This study aims to investigate the trends and project the major risk factors of Non-communicable Diseases (NCDs) in Iran. We obtained the trend of prevalence of main risk factors related to NCDs in 30 to 70-year-old-individuals. The data were extracted from WHO STEP wise approach to NCDs risk factor surveillance (STEPS) survey. Also,the previous studies conducted at national and subnational levels from 2001 to 2016 were employed. The prevalence of risk factors was projected by 2030 using Bayesian Model Averaging (BMA) and Spatio-temporal model stratified by sex and province. The percent change for the age-standardized prevalence of smoking in men between 2001 and 2016 was calculated to be - 27.0. Also, the corresponding values for the risk factors of diabetes, hypertension, obesity and overweight, physical inactivity (PI), and mean of salt intake were - 26.1, 29.0, 70.0, 96.8, 116.6, and 7.5, respectively. It is predicted that smoking and these risk factors will undergo a change to show values of - 1.26, 38.7, 43.7, 2.36, and 15.3 by 2030, respectively. The corresponding values in women for the time interval of 2001-2016 were - 27.3, 26.3, 82.8, 1.88, 75.2, and 4.2, respectively. Plus, projections indicate that the 2030 variation values are expected to be - 25.0, 16.7, 37.5, 28.7, 26.7, and 10.9 respectively. This study showed that the prevalence of four risk factors of PI, overweight and obesity, hypertension, and diabetes is increasing in Iran. Therefor, it is necessary to carry out effective interventions to adopt a healthy lifestyle and reduce the risk factors.


Subject(s)
Diabetes Mellitus , Hypertension , Noncommunicable Diseases , Male , Humans , Female , Adult , Middle Aged , Aged , Overweight/epidemiology , Noncommunicable Diseases/epidemiology , Iran/epidemiology , Bayes Theorem , Risk Factors , Obesity/epidemiology , Hypertension/epidemiology , Diabetes Mellitus/epidemiology , Prevalence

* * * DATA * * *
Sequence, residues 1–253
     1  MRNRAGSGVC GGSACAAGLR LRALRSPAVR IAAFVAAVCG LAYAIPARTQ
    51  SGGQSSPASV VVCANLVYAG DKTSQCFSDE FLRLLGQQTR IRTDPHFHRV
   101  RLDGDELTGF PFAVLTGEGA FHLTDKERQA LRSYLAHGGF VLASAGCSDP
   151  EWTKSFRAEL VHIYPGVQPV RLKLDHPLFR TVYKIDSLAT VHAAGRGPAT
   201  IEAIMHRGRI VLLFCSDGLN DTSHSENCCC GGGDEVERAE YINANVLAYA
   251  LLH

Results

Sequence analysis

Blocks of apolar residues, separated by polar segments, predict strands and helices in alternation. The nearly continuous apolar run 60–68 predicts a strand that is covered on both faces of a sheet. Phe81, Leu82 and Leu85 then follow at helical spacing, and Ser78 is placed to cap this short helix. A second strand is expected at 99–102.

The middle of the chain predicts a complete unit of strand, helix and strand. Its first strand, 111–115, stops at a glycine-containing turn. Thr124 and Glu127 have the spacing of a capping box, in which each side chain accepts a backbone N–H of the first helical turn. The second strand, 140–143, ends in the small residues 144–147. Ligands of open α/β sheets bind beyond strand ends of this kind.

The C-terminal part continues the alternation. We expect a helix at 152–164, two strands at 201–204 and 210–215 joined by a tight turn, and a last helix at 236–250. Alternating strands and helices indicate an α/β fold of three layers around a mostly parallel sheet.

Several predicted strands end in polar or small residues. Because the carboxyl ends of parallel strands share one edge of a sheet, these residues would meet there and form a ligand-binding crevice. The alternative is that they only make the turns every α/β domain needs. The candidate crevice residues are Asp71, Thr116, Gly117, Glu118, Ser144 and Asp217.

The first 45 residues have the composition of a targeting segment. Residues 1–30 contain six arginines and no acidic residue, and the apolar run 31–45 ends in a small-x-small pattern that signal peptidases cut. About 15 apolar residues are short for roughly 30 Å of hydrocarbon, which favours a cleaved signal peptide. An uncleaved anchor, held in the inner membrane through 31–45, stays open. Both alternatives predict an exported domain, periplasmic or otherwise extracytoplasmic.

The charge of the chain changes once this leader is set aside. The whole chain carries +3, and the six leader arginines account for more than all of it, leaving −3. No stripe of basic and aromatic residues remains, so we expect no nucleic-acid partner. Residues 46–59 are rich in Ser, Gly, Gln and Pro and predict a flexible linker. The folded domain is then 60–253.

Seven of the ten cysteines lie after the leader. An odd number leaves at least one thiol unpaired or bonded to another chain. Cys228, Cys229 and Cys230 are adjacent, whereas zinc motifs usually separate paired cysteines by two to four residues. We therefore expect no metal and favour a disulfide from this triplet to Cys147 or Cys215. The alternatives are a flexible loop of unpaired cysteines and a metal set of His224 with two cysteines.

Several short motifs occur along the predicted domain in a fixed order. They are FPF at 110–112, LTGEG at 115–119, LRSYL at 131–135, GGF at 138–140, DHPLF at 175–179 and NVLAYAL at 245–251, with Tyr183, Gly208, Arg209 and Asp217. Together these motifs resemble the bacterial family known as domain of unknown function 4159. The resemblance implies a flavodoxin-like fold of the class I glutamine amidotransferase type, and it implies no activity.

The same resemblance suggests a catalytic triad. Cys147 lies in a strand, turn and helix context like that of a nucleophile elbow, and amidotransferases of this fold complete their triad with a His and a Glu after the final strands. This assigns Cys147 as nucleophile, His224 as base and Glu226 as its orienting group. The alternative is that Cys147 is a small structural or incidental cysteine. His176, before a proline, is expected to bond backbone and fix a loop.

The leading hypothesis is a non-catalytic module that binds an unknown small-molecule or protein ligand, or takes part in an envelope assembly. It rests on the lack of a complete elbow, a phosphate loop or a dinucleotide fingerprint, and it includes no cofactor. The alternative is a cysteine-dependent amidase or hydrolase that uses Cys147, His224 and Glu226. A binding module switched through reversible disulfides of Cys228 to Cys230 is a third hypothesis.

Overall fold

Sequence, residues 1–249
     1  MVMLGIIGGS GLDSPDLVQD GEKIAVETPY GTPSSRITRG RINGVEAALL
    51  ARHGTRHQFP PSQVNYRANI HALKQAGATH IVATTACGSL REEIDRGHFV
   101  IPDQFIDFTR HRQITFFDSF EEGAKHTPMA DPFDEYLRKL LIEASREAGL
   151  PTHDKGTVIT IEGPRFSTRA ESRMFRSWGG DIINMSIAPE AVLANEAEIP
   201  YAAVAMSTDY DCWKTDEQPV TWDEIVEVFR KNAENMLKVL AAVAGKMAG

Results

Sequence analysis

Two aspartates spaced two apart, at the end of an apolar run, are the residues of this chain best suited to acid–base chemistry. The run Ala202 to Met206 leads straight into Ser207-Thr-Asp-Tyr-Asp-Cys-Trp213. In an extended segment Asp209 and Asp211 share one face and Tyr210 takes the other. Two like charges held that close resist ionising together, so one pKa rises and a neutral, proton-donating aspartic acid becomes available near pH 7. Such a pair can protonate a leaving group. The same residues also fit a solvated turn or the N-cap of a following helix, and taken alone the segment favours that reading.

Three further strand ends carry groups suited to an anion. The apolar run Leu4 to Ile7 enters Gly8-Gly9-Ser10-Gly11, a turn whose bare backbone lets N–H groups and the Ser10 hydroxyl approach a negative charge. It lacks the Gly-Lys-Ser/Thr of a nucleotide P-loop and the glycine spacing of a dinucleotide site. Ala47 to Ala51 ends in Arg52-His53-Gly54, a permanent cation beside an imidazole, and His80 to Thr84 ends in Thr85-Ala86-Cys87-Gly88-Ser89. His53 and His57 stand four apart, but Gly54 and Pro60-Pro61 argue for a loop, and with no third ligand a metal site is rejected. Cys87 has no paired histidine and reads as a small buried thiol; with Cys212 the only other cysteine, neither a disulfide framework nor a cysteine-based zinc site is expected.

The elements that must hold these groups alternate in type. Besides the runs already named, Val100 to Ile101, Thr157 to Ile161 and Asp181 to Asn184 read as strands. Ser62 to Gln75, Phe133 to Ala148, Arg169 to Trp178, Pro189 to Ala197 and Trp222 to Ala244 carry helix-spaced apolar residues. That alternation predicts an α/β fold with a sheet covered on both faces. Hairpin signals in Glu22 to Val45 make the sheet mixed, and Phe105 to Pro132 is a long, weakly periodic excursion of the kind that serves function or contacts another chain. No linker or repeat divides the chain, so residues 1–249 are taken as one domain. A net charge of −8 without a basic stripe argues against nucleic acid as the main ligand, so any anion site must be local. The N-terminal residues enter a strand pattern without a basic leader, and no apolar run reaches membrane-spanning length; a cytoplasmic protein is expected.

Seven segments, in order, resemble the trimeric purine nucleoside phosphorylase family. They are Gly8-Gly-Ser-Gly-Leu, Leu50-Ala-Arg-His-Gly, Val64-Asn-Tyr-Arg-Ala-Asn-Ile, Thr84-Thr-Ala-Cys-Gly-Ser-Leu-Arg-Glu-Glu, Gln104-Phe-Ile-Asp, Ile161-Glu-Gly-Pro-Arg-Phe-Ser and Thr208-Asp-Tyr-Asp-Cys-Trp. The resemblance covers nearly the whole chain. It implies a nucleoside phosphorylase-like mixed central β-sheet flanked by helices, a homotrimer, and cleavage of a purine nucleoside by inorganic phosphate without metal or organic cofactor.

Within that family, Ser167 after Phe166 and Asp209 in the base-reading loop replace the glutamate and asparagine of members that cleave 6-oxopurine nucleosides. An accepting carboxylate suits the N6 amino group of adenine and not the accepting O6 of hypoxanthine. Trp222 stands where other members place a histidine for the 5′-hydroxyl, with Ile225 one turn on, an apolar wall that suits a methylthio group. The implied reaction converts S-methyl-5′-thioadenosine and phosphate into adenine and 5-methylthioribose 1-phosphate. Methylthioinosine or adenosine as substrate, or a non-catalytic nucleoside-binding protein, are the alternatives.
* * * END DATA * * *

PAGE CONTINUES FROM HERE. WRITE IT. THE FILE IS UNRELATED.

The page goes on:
19.
Public Health ; 230: 216-222, 2024 May.
Article in English | MEDLINE | ID: mdl-38579649

ABSTRACT

OBJECTIVES: The prevalence of overweight increases the risk of several non-communicable diseases (NCDs) and, consequently, the costs of health care systems. In this study, we aimed to project the economic burden of NCDs attributable to overweight in Brazil between 2021 and 2030. METHODS: A cohort simulation of adults (17-117 years) using multistate lifetable modeling was used to estimate the costs of NCDs attributable to overweight in Brazil. The projections of direct health care costs (outpatient and inpatient expenses in the Unified Health System) and indirect costs (years of productive life lost) considered different trajectories of the prevalence of overweight between 2021 and 2030. RESULTS: In 2019, the prevalence of overweight was 55.4% in the adult Brazilian population. We estimate that around 1.8 billion international dollars (Int$) would be spent on the direct health care cost of NCDs between 2021 and 2030, through the continued increase in overweight prevalence observed between 2006 and 2020. The indirect costs over the same time would be approximately 20.1 billion Int$. We estimate that halving the annual increase in body mass index slope from the beginning of 2021 until 2030 would save 20.2 million Int$ direct and indirect costs by 2030. In the scenario of keeping the prevalence of overweight observed in 2019 constant until 2030, the savings would be 40.8 million Int$. Finally, in the scenario of a 6.7% reduction in the prevalence of overweight observed in 2019 (to be achieved gradually until 2030), 74.1 million Int$ would be saved. CONCLUSIONS: These results highlight the high economic burden of overweight in the Brazilian adult population.